Offshore Financial Centres - Treasury Contents


Memorandum from the Offshore Group of Banking Supervisors (OGBS)[327]

EXECUTIVE SUMMARY

    —  OGBS welcomes this opportunity to have an informed, balanced and objective debate on the role of OFCs in, and their commitment to, enhancing financial stability and transparency;

    —  OFCs through OGBS and otherwise have been and continue to be active participants in international action concerned to foster financial stability and transparency;

    —  OFCs through OGBS have played a particularly active role in the work of the Basel Committee on Banking Supervision and the Financial Action Task Force on Money Laundering and Terrorist Financing (FATF);

    —  for the majority of OFCs their subsidiaries and branches of international banks are deposit gatherers and the major part of the funds so gathered are up-streamed to their parent bank or other group entity, the loss of which could have a significant impact on the liquidity of the parent;

    —  of particular relevance to the issue of financial stability and transparency is information on the beneficial ownership and control of corporate vehicles (both legal persons and legal arrangements). OGBS proposed to the FATF, and led, a typologies project on the misuse of corporate vehicles, the report on which was published in October 2006;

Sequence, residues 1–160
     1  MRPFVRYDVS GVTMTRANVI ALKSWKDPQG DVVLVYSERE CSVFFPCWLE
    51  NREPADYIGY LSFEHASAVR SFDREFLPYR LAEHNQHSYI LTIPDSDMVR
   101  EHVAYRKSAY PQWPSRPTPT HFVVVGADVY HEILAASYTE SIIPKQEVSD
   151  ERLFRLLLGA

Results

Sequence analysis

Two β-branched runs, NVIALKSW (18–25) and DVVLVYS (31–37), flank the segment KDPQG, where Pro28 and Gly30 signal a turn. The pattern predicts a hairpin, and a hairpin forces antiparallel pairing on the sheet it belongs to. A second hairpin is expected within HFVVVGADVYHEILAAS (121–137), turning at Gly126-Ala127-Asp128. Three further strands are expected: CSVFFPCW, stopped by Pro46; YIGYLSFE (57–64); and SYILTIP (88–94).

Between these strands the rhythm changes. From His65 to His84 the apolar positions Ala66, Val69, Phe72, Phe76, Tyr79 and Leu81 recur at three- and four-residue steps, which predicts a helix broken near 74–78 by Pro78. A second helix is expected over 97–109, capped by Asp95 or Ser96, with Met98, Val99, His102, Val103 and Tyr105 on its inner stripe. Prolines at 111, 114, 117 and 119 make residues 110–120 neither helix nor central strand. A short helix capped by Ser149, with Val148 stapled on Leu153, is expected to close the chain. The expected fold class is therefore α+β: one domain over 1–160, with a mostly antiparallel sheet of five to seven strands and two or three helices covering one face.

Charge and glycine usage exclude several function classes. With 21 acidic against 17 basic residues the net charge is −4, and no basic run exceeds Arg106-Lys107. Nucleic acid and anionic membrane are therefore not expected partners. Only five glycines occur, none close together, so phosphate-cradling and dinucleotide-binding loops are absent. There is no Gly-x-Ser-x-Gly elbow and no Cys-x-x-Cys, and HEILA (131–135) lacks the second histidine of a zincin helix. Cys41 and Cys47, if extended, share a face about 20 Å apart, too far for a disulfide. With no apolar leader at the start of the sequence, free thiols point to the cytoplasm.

—  the Financial Stability Forum (FSF) has found no evidence that OFCs have been a major causal factor in the creation of systemic financial problems or are material to global financial stability;

    —  no evidence has been produced by the IMF or the international standard setters to suggest that the OFCs present different or greater issues than non-OFCs. Their focus, rightly, is on any jurisdiction that fails to meet the international standards of financial regulation and AML/CFT;

    —  international assessments of compliance with international standards show that the results for OFCs and non-OFCs are similar with good and some not so good performers in each group;

    —  OFCs play a significant role in the global financial market place. They are important contributors to global capital movements and it can be argued help to oil the market mechanisms;

    —  OGBS believe it is of particular importance that there should be a level playing field in the implementation of international standards of financial regulation, AML/CFT and measures against harmful tax competition;